We've got you covered when it comes to Google Analytics: here are the basics explained

Posted by Colm Hanratty on Mar 11, 2016

Anybody who is serious about their online marketing won’t simply have a website that they take bookings through or spend a bit of time on their social media and email activity – they’ll monitor it closely also. This means delving into Facebook Insights every now and then, making sure your emails are generating clicks and seeing are people making enquiries via online channels. It also means monitoring the performance of your website.

The best (and cheapest, since it’s free) way to keep track on your website’s performance is by using Google Analytics. Once you’re set up you’ll have access to lots of extremely valuable information. This includes…


A session is an amount of time somebody has actively engaged in your website. This means browsing, clicking, downloading and everything in between.


Users are the number of people who visit your website. So if one person was on your website three separate times, that would be one user and three sessions. It includes both new and returning visitors.

Page Views

Page views are just that – the number of times pages are viewed. So let’s say one person logs on to your website three times and visits three pages on each visit. This means your ‘Users’ is one, your ‘Sessions’ is three and ‘Page Views’ is nine.


Again, this is pretty self-explanatory – this is the average number of pages for each session. There’s a learning from this though – if the average number of pages per session is low, it means people like what they see on one page and one page only. So you don’t want this figure to be low – you want it to be a nice big number.

Bounce Rate

Bounce rate is the number of people who leave your website after visiting one page only. So if 100 people visit your website and 50 of them leave after browsing just one page only, your bounce rate is 50%. This means you want this to be a nice low number.

New sessions

This is an estimate percentage of first time visits. If you’re in the process of building brand awareness, the higher the number the better. But at the same time, if ‘New Sessions’ remains high, it means that you’re getting lots of new traffic, but the traffic that was new once upon a time isn’t returning. So it can be a bit of a double-edged sword…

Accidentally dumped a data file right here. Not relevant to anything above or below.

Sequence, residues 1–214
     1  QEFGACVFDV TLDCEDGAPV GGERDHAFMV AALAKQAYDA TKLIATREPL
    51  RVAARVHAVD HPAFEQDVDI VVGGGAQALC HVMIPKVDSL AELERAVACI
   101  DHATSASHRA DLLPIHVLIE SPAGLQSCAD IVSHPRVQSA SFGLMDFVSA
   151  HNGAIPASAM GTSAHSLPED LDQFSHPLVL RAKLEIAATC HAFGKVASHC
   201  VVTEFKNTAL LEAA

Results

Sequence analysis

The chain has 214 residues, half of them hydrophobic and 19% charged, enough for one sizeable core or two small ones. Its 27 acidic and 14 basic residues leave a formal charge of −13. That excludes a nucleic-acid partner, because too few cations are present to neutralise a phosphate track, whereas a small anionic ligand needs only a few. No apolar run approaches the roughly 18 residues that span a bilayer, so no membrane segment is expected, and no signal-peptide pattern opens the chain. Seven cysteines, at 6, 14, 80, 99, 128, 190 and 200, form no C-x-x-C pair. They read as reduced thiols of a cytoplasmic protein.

Real time

If you’re announcing a special offer on your website via Facebook, or you’re launching a campaign on your site via email, and you want to see how many people are clicking on the link once they’re discovering it, you can do this by logging on to the Real Time section of GA. It will tell you what page they’re on, how many people are browsing, where they came from (traffic source), where in the world they are and what pages they’re looking at.


Audience is just that – your audience. Here you can see an overview of where the people who visit your website are from, what operating system/device they’re mostly using, what browser they’re using and more.


Want to know where your traffic is coming from? Whether it’s Google, Bing or social networks? You’ll discover that here.


This part of GA tells you what the people who visit your website are doing. On a broad level, you can see here what are the most visited pages on your site. On a more granular level, you’ll see what people are doing on those pages ie how long they’re spending, how many of them are bouncing off the site and more.


If your site is an ecommerce site or if you have a particular objective with certain pages such as sign up for a newsletter, you can set up ‘Goals’ to see if the website is doing what you want it to do. Once you see the conversions coming through, you’ll know your website is working. If it isn’t you’ll need to go back to the drawing board.


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Colm Hanratty

Written by Colm Hanratty

Colm is Founder and Managing Director of digital marketing agency Sixtwo Digital. After running’s content and social media for almost 11 years he felt it was time to branch out on his own, using all his experience to educate others in the travel space.

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